Wednesday, August 20, 2008

This was a pretty interesting read:

Stanford Biologist Sees Money in Preservation of the Environment

This is a new way of saving nature. Until now, the conservation movement has said people should care about nature for nature's sake - with charity as the driving economic force to preserve land. And that, [Stanford biologist Gretchen] Daily said, has failed. She sees a renaissance in the conservation movement hinging on investment.

[...]No one gets paid for water purification or climate stabilization or protecting biodiversity on a large scale. That's what Daily envisions.

She advocates at the state and even country government level, using software developed that can, for example, "estimate the worth of a forest full of pollinating insects vital to nearby crop production."

Where does it make sense to convert forests to agricultural production? Where should they be left alone?

Financially strapped countries could find the tool crucial, advocates say. A poor nation might be tempted to let a rich corporation develop land because it doesn't know the dollar value of the natural resources that will be destroyed.

"If you put yourself in the shoes of a poor government, it's hard to turn down the cash deal," said Mark Tercek, a former official at investment giant Goldman Sachs who recently left to head the Nature Conservancy. "It's hard to put a value on these services. That's what (Daily) is trying to map out."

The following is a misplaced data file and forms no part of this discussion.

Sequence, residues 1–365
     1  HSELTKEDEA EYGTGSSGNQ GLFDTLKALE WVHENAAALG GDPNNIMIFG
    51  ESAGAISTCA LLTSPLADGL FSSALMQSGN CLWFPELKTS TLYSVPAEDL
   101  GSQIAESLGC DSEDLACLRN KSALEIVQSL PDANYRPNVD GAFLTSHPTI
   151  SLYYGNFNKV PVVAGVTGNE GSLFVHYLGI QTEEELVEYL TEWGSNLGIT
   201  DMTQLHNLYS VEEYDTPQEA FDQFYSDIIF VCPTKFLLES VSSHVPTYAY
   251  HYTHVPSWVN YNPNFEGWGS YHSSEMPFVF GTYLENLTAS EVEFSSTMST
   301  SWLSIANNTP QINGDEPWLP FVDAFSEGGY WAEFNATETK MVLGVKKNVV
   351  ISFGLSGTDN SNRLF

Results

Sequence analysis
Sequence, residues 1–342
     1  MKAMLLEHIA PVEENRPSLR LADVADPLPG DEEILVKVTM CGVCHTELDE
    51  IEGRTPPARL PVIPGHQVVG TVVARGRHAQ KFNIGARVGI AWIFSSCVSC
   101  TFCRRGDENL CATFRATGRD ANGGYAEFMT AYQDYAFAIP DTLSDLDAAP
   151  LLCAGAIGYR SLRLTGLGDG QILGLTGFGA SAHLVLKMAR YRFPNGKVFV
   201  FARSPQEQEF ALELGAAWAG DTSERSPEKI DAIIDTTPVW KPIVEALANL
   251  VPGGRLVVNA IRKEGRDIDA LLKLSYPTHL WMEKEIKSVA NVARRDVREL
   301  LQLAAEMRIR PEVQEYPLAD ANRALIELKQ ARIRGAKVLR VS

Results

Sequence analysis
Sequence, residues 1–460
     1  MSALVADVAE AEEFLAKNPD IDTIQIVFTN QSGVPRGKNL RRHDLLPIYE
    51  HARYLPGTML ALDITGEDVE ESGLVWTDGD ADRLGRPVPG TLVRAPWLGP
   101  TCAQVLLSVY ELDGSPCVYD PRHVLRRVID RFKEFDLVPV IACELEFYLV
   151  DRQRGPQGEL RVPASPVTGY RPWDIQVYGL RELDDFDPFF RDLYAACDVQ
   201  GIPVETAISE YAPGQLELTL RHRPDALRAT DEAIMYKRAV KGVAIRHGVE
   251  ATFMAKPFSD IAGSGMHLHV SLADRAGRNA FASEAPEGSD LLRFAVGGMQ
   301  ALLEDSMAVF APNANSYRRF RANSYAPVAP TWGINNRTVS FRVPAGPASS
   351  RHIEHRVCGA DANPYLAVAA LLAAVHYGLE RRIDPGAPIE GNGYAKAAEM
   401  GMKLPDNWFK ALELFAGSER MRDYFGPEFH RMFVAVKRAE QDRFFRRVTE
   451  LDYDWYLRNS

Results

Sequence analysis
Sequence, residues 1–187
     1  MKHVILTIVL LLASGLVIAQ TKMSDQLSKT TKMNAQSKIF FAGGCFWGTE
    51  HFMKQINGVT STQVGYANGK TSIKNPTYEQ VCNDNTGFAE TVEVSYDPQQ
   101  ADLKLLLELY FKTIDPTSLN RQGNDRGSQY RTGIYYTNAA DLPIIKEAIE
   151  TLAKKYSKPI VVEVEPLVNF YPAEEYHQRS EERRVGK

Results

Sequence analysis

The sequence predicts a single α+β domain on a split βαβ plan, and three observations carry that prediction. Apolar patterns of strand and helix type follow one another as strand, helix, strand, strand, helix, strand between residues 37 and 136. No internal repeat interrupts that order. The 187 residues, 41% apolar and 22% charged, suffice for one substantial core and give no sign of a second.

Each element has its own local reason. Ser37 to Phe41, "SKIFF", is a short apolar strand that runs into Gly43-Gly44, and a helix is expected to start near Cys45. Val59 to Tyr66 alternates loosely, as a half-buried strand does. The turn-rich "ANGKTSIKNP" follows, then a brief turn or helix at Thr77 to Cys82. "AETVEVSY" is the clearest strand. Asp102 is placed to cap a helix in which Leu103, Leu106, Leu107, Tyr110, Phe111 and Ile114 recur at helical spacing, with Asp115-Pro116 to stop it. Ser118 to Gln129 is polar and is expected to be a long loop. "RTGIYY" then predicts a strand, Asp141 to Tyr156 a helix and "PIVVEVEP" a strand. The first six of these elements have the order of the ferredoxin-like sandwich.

"We're in the biggest mass extinction since the dinosaurs," [Daily] said in her Stanford office, which is covered with photos of her husband and two children. "People estimate we'll lose half of the Earth's life forms in our lifetime."

I don't know who "people" are, but that postulation is scary.

On a related note, this reminds me of the fundamental difference of policy that has guided two different nonprofits I've worked for, and how I believe it has been the key to their successes. Both social justice nonprofits, this difference stems from a crucial bit in their mission statements: investing in their grantees and clients, versus a "charity" approach, which I have seen firsthand foster community and allow dignity and personal power in one's life to drive lasting change.

Oh lord, help me remember this in my own life's little interactions!

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